It might seem like the best move for analyzing a film such as The Night of the Hunter would be to go at it from the "what is the nature of religion" route and while this is certainly a theme that emerges specifically in the contrasting characters of Harry and Rachel, one could extend this argument on to consider the larger idea of authority and whose given the power to say what is right or wrong in the face of figures who are culturally afforded an unquestioned amount of respect. The Night of the Hunter appears to suggest that only two things stand to be undeniably authoritative, the rule of law and time. Yet even law within the narrative becomes rather murky when a man is stealing money to make living in a moment of depression a bit easier, or when the same law enforcement spends its time hunting psychotic serial killing preachers while completely brushing by lines of starving children. Justice, in the context of The Night of the Hunter then becomes tied almost solely to the notion that if one is able to understand time, not control it, but merely work in its favor they can assure that justice will work in their favor, particularly if they are working in a fair and reasonable way. Indeed, the reason that Harry is eventually is not because he gave himself up or was actively pursued by the police, but because he attempted to cheat time and kill children to attain money from them, his similar actions in previous situations are also his own act to avoid the effort and patience of attaining money, something he thinks he can merely get by working within his bizarre relationship with God. The other notion of authority comes then in signifiers of power, for Harry it is always tied to his phallic knife something that takes on blatant sexual allusions throughout the film and remains his point of privilege until challenged by Rachel's much larger and more powerful shotgun, the subversive gender politics even more interesting. Indeed, this leaves John as a figure to be swayed by the time and signifiers of authority in the films closing, as Rachel accepts that her stories from The Bible only serve a cursory function to instill authority. It is indeed not until she hands John the watch that he becomes an arbitrator of authority because he can now tell the time, that thing that rules over all within the film, as well as those outside of the diagetic space, verified when Lilian Gish breaks the fourth wall in the closing moments of the film.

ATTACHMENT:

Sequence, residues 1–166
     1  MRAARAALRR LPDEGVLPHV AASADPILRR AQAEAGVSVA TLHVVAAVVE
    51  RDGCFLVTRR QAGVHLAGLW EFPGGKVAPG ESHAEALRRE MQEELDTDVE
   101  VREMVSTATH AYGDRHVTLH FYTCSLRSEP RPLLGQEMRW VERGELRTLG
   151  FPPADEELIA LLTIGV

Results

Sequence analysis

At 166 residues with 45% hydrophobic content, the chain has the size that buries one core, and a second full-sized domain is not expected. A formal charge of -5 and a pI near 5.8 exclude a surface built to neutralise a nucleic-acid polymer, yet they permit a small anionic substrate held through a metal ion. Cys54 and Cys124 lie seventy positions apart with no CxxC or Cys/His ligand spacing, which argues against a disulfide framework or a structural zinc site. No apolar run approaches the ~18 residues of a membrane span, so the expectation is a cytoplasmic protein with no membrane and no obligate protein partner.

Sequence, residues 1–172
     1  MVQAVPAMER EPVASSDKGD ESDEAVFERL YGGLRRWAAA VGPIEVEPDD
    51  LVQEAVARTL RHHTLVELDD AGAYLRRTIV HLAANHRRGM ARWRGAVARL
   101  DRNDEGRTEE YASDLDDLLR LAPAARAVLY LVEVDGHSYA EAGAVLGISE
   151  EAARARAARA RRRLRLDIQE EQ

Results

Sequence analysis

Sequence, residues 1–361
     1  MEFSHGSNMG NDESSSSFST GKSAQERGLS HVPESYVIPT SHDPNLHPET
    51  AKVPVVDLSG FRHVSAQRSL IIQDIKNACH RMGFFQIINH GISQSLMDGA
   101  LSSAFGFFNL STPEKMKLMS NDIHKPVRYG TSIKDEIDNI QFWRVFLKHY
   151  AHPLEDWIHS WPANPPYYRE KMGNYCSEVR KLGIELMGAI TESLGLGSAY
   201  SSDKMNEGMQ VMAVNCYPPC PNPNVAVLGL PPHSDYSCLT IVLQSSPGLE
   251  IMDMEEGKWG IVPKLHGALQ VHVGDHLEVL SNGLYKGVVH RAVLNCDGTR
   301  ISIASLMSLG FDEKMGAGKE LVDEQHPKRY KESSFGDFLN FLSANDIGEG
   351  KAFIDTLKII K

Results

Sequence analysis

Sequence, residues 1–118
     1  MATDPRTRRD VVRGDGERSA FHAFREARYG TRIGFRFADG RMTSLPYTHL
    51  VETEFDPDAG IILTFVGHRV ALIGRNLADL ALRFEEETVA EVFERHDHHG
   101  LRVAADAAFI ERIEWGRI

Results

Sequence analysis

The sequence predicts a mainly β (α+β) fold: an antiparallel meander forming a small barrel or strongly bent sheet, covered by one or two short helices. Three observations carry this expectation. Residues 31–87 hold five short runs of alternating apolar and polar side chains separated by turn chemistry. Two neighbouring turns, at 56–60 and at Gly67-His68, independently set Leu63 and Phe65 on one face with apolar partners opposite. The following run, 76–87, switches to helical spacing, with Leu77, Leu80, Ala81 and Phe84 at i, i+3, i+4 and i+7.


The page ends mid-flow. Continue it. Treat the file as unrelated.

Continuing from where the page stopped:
Key Scene: The scene involving the joint singing of Lean on Jesus by Gish and Mitchum is absolutely one of the premier moments in all of cinema. Furthermore, one could also make the case that the images of Willa's body laying at the bottom of the lake are also some of the most haunting ever committed to film.